In my first post on the Open XML SDK, I talked about the overall design of the SDK with respect to goals and scenarios. Today, I am going to talk about the architecture of the SDK in terms of its different components.
The Open XML SDK is designed and implemented in a layered approach, starting from a base layer moving towards higher level functionality, such as validation. The following diagram illustrates an overview of the Open XML SDK components.
The System Support layer contains the fundamental components that the SDK is built upon. The Open XML File Format Base Level layer is the core foundation of the SDK. This layer provides you functionality to create Open XML packages, add or remove parts, and read/add/remove/manipulate xml elements and attributes. The Open XML File Format Higher Level layer is the last layer in our architecture. This layer provides functionality to make it easier for you to code against Open XML formats. For example, one idea is to have this layer contain schema and semantic level validation to help assist you in generating proper and valid Open XML files. These layers and components are described in more detail below.
Note: Version 1.0 of the SDK only provides the Open XML Packaging API component, whereas version 2.0 of the SDK provides all components built on top of the System Support layer.
The System Support layer consists of the following components:
The Open XML File Format Base Level layer provides a platform for Open XML developers to create Open XML solutions and consists of the following components:
//Open and manipulate temp.docx
using (WordprocessingDocument myDoc =
//Access main part of document
MainDocumentPart mainPart = myDoc.MainDocumentPart;
//Add new comments part to document
//Delete Styles part within document
//Iterate through all custom xml parts within document
foreach (CustomXmlPart customXmlPart in
// Create a Wordprocessing document.
// Add a new main document part
MainDocumentPart mainPart = myDoc.AddMainDocumentPart();
//Create DOM tree for simple document
mainPart.Document = new Document();
Body body = new Body();
Paragraph p = new Paragraph();
Run r = new Run();
Text t = new Text("Hello World!");
//Append elements appropriately
// Save changes to the main document part
All the components mentioned above are available in our first CTP of version 2.0 of the SDK, which you can download here.
Note: This layer has not yet been implemented in version 2.0 of the SDK
We are still in the thinking process for the Open XML File Format Higher Level layer, but one thought is to have this layer provide functionality to help you debug and validate Open XML files. With this in mind, we might be able to provide the following components:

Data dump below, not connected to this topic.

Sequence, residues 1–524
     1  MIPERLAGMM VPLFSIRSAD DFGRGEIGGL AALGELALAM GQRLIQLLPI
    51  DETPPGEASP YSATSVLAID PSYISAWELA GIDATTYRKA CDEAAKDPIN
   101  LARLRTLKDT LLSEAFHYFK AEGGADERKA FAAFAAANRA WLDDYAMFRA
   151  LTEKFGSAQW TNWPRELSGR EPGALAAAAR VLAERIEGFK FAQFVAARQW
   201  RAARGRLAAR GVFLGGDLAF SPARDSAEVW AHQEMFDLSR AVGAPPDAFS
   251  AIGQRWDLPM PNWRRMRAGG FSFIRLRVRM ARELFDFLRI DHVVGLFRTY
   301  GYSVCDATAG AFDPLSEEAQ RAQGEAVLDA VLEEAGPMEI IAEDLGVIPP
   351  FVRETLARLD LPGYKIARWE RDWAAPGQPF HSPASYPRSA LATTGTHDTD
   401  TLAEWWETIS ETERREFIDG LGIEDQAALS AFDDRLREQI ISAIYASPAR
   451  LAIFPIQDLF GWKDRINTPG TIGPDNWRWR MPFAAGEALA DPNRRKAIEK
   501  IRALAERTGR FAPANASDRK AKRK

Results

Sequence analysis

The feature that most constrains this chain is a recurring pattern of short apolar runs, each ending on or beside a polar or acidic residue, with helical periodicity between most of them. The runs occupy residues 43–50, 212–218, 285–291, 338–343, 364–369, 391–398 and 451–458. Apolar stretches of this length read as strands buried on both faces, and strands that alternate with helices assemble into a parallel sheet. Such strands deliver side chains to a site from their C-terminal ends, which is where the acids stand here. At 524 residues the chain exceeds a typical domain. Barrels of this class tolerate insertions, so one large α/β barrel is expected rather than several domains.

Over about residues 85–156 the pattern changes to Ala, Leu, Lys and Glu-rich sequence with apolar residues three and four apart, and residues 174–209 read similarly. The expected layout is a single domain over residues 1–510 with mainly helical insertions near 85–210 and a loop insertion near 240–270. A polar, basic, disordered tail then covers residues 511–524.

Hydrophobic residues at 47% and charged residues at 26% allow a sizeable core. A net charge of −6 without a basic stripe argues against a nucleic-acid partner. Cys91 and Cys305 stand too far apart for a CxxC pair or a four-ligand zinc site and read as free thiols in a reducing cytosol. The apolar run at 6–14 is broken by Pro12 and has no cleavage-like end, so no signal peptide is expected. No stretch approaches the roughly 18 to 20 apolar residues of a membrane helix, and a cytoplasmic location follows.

As with the Open XML File Format Higher Level layer we are still in the thinking process for the Helper Function Layer. We envision this layer as a way to provide helper functions or code snippets to make your life a bit easier in creating valid Open XML files. Certain operations within Open XML can be somewhat complex. For example, deleting a paragraph in a WordprocessingML document is not simply just deleting the paragraph node. There are a variety of extra steps required to delete a paragraph and maintain the integrity of a valid Open XML document.
One thought is that the SDK could provide higher level helper functions or code snippets that can deal with common complex file format operations. These helper functions or snippets would make the appropriate xml and part/relationship modifications when performing complex tasks. These helper functions or snippets would not abstract away from the actual xml itself, but rather perform operations on the xml elements by taking advantage of the validation awareness. For example, a potential helper function for deleting a WordprocessingML paragraph would perform this delete operation and do the necessary extra steps to clean the resulting xml to ensure validity. These delete helper functions or snippets could be applied to other elements that are hard to delete, like tables and comments. In other words, these higher level functions or snippets would perform directly on the xml elements and would be constrained, in terms of functionality, by the file format standard itself.
Now that we have gone over the basics of the SDK we are ready to talk about solutions and end-to-end scenarios. In my next few posts I am going to walk through solutions to some key scenarios, like document assembly and manipulation.
Let me know if you have any specific questions or comments that you would like me to address here or in future posts. Feel free to send post requests my way related to specific scenarios that you might be interested in learning more about.